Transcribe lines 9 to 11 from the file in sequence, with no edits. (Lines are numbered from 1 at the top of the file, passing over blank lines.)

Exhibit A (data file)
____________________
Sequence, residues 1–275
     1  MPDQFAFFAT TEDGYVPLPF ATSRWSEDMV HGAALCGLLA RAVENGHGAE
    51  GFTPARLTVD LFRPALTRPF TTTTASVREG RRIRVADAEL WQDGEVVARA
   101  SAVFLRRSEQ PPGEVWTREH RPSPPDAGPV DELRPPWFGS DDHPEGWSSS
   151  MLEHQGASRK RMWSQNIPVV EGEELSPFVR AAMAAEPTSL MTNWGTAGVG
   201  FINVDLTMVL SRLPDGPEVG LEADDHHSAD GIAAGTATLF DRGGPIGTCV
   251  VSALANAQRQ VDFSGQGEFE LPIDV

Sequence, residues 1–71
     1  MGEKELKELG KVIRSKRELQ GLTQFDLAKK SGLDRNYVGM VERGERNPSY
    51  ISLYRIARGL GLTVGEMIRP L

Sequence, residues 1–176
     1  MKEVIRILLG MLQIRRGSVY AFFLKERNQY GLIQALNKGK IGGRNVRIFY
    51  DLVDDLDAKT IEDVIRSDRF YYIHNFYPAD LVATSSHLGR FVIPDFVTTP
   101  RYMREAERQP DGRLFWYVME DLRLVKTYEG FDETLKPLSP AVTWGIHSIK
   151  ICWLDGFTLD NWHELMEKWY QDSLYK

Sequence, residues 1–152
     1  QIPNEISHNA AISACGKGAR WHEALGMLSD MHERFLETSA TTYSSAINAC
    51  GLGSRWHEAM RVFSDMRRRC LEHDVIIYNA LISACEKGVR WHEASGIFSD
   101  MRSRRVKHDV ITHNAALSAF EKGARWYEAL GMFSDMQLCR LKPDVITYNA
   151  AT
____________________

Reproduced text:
     1  MGEKELKELG KVIRSKRELQ GLTQFDLAKK SGLDRNYVGM VERGERNPSY
    51  ISLYRIARGL GLTVGEMIRP L

Sequence, residues 1–176